Most people in groups know this and if they either consciously or unconsciously, attract an adult ‘baby’ into the group, they can be extremely patient and forgiving with the baby the group has somehow attracted.

And even though the ‘baby’ may be extremely skilled, they may also prove to be a nightmare. They may ask unnecessary questions, they may hold up the group during meetings, they may appear needy and they may receive a lot more attention than anyone else, because that is what they are used to and the other group members know this .

And if you haven’t ever encountered the ‘needy baby’, you just have to trawl through social media comments which provide countless examples. There are always those who ask more questions hoping you will feed them the answers – yet a quick Google on their part would have sufficed.

Unfortunately, this behaviour may not actually benefit the group as time is money and so on.

2) But also, the group may require someone to be the ‘consciousness of the group’. This is the person who has the courage to say what everyone else dares not to. They are the ones that speak up in order to confront issues that may normally be swept under the carpet and forgotten. This may not make them very popular, however a group often still requires someone to stand up and speak out – and to challenge the status quo in order to survive and grow. Indeed, they may even be a whistle-blower. In some cases they may be employed to fulfill this role or they may ‘fall’ into playing the role because it is what they would have learnt at home. It may be ingrained and part of their personality.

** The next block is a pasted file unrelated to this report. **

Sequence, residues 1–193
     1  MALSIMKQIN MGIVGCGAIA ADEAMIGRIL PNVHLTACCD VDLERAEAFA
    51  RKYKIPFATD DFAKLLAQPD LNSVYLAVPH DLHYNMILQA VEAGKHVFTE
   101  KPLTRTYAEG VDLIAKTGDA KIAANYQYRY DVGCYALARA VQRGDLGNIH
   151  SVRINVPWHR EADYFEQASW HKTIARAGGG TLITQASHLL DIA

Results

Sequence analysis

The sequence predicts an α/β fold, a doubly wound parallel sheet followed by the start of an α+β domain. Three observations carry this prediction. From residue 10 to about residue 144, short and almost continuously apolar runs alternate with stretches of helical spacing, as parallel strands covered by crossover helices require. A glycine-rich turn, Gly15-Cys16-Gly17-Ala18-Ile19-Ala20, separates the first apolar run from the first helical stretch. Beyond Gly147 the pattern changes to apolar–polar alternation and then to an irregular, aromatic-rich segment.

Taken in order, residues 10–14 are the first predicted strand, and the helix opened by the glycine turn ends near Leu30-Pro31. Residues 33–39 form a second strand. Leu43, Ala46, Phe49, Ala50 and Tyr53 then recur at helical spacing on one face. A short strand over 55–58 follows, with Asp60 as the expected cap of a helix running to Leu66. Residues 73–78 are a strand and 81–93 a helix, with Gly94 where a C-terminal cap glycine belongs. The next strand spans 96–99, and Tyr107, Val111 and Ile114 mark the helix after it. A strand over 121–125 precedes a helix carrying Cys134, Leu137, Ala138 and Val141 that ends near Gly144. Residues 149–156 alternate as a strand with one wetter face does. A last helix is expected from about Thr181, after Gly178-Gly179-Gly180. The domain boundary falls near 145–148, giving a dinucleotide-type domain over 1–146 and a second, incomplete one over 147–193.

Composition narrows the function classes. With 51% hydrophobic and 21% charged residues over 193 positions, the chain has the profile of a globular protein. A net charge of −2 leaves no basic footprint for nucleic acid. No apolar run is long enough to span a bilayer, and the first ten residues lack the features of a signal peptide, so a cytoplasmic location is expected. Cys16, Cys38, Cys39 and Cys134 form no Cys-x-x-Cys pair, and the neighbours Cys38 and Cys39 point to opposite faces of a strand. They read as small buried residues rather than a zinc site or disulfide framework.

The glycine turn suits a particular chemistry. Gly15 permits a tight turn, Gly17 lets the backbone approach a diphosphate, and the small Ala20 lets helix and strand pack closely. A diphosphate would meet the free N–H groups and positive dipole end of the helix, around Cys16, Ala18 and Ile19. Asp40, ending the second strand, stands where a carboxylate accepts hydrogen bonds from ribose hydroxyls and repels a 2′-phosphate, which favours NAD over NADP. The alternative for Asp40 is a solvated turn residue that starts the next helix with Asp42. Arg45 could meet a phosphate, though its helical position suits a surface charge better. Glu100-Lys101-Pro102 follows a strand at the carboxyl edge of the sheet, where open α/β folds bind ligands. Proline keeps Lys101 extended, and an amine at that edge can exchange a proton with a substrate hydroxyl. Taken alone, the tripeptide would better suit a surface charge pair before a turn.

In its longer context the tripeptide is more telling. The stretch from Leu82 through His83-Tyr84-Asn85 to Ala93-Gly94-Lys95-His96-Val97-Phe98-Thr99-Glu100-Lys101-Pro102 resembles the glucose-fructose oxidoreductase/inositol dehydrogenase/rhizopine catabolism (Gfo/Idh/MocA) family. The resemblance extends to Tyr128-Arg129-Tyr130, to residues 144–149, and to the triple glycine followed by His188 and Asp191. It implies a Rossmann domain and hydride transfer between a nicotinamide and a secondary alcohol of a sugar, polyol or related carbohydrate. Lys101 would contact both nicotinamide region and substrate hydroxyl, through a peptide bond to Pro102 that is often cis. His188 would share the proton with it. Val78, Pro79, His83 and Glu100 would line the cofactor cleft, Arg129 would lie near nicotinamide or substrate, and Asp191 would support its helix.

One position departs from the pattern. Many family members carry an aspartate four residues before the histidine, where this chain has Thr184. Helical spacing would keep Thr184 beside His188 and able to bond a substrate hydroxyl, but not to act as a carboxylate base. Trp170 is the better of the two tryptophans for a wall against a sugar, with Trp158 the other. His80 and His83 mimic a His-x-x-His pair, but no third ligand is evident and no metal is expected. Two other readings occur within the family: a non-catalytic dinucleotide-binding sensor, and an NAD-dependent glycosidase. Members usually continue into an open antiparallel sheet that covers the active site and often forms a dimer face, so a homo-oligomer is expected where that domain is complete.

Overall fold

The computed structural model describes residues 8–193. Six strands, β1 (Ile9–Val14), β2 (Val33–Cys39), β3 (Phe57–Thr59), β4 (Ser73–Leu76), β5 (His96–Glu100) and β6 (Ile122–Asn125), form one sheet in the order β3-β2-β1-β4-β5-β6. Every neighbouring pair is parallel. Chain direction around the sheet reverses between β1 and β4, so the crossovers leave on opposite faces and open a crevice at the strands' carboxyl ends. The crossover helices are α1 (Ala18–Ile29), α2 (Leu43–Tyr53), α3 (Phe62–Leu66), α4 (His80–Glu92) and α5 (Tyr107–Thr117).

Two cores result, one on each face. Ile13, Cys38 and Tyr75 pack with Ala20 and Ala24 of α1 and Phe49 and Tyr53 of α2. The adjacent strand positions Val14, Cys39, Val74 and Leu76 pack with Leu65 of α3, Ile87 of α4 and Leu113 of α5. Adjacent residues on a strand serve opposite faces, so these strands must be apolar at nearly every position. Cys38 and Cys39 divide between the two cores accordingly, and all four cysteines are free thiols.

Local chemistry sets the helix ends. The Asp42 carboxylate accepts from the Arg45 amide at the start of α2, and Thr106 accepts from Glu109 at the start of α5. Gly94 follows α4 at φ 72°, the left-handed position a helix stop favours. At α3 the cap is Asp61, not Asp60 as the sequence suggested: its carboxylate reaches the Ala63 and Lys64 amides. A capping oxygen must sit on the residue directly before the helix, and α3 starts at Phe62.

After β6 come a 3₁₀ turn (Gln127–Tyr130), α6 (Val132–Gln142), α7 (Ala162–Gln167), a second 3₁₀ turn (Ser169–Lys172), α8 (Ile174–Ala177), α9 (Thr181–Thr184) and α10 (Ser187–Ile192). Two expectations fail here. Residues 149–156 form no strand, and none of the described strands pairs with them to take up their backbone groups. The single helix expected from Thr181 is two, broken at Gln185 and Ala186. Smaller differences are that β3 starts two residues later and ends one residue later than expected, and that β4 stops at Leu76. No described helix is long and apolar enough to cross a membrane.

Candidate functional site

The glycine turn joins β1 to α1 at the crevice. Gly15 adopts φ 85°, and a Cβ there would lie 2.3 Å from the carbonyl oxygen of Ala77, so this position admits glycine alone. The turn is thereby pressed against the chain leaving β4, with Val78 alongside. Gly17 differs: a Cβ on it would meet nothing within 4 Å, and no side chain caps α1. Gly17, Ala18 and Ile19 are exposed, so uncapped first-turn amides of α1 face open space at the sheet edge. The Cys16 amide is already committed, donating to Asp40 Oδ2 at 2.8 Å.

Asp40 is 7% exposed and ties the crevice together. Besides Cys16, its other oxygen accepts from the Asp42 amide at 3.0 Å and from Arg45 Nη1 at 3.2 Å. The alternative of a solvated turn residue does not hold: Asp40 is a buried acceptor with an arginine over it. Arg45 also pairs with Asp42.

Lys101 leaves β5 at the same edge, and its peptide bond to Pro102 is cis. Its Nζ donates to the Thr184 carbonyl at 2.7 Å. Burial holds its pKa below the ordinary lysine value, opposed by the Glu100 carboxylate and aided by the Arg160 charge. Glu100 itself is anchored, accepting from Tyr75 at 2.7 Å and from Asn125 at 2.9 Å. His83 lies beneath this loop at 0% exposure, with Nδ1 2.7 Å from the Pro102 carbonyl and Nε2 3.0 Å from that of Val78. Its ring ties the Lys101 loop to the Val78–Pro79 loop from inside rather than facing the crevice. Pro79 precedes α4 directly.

These two examples show how a group may compose or construct itself and this is why it is important that each individual find a way of acquiring a better understanding of the role they may be more inclined to play.

This is again what group therapy offers:

Unfortunately the value of this kind of group therapy is not as common or understood as it should be. It is a pity because it can provide a useful in-depth reflection and deeper understanding of the dynamics within the group at the office or in business, especially if a situation requires people to work in a group setting.

How people work together can influence a company’s working environment which could then have various ripple effects with regards office management, productivity, leadership and workplace ethics, and so on.

Sadly, when these ripple effects are negative, it can cause havoc with the office ‘family’.

This can happen if someone is not aware of the roles they play and this could cause friction when self-reflection is required or indeed, if the individual cannot modify or adjust their behaviour to suit the needs of the group.

In business, any inability to adjust can become a hindrance depending of course on the needs of the company or the role that may be required.

In other words, the roles we learn in childhood can either benefit or hinder an individual or indeed the company, if they are unaware of the impact that their role might have on other members of the group.